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Back to the basics

UCC’s Basics doesn’t only minister to church kids

By Kelsey Baker | Contributor

Photograph provided by Kelsey Baker.  Kids stick with Basics because of leaders like Kelsey Baker, pictured at right.

Photograph provided by Kelsey Baker. Kids stick with Basics because of leaders like Kelsey Baker, pictured at right.

I got smacked with a dodgeball again. I’m a prime target in the weekly dodgeball game at Upland Community Church’s (UCC) Basics program. For one thing, I have no discernable athletic skill, so I can’t retaliate. For another, I’m a leader, and it’s much more fun to spike a ball at a fellow leader than at a Basics kid.

It’s easy to think that when I graduate and have a job, I’ll have more influence to make change. I’ll have more money at my disposal, more skills to contribute and more respect. But I’ll never again have the kind of influence I have with these Basics kids.

Think back to when you were younger, when you thought college kids were cool and you wanted to be like them. Now we know the truth—we’re really not all that cool. Something happens when you get that diploma and start a real job—suddenly you’re more like a parent than a mentor. But for these four years, we have a unique position to influence kids all around us.

Over one hundred kids show up every week for Basics. According to the 2016 Basics Annual Report, two-thirds of the Basics kids aren’t from Upland Community Church, and one-third don’t come from a church at all.

I’ve heard Taylor students say they would rather volunteer with a program that is more focused on un-churched kids, but Basics provides an opportunity to work with kids of varying exposure to the Bible. We started a transportation program last year to pick up kids who otherwise probably wouldn’t attend. I’ve personally been challenged in my assumptions and my faith by some of these students. When you realize a sixth grader knows more memory verses than you or has deep questions about a passage you’ve never considered, you are inspired to invest more in your own faith.

Working with a student who has never interacted with the Bible is a remarkable experience. Often, God allows you to plant seeds you will never see prosper. But several times at Basics, I’ve seen God change a kid’s life.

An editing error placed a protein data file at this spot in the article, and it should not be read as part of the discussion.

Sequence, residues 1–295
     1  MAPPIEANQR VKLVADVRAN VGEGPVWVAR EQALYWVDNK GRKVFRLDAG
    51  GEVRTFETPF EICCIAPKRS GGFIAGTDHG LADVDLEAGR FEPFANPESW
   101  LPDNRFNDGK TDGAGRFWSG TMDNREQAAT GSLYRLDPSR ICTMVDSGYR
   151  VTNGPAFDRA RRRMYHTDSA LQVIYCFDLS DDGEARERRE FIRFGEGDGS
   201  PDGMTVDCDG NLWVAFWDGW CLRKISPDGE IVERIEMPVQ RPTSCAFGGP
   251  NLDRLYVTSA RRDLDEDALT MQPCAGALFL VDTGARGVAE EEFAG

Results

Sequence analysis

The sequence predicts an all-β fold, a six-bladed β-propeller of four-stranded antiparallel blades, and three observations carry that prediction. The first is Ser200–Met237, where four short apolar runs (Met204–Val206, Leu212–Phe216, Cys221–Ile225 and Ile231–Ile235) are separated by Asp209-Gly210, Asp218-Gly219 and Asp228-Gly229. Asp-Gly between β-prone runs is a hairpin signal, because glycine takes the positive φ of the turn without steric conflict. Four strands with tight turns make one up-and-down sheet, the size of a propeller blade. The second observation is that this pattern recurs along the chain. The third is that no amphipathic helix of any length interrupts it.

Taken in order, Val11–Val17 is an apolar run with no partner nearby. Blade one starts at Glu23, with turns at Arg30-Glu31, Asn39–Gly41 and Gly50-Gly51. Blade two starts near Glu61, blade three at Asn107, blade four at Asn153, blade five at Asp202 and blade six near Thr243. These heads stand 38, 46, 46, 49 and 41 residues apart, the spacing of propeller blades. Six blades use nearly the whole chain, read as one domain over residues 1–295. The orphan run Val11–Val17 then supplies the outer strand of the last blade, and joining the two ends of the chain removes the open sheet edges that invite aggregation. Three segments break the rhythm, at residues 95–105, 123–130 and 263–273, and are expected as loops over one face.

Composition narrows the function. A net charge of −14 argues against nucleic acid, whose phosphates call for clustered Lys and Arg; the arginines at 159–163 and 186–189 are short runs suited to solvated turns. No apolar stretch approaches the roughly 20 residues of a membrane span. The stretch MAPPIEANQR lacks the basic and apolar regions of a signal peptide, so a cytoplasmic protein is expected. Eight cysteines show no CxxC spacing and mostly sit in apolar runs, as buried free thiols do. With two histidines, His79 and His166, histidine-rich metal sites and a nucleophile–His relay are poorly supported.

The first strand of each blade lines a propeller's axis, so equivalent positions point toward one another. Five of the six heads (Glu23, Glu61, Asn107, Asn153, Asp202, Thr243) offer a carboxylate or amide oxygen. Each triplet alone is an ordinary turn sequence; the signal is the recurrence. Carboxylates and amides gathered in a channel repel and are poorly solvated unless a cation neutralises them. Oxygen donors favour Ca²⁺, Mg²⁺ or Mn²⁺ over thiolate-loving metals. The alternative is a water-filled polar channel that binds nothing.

Steven Davenport, left, and Clayton Cena, right, are "cool college kids" to their Basics kids.

Steven Davenport, left, and Clayton Cena, right, are “cool college kids” to their Basics kids.

One particular student amazes me with her maturity and growth. She didn’t go to church or have much exposure to the Bible, but now she has a favorite Bible story: Daniel in the lion’s den. She reads the Bible every night by herself, which is more than I did in elementary school. She asks me to pray with her.

Not every student goes through a visible change: many kids swear they’re only at Basics for the dodgeball. But no matter their excuse for coming, they still hear God’s word and get into the habit of going to church. Parents have told us their kids’ attitudes are changed by attending Basics.

Take advantage of your unique position as a college student. Become an agent for change. Participate in Lift, Basics, Real Life, One on One, ESL Tutoring or Basics Jr.
Sign up and then show up—make a commitment to go every week. Your presence means more to the kids than you’ll ever know. The kids who stick with Basics are the ones whose leaders make an effort to show up every single week and to invest in their kids. Sign up to get hit with a dodgeball every week. Sign up to give advice about crushes and bullies. Sign up to stumble through some of the Bible’s hardest questions. Sign up to allow God to use you. If you’re interested in getting connected, contact TWO’s Peter Carlson at to learn more about the different opportunities.

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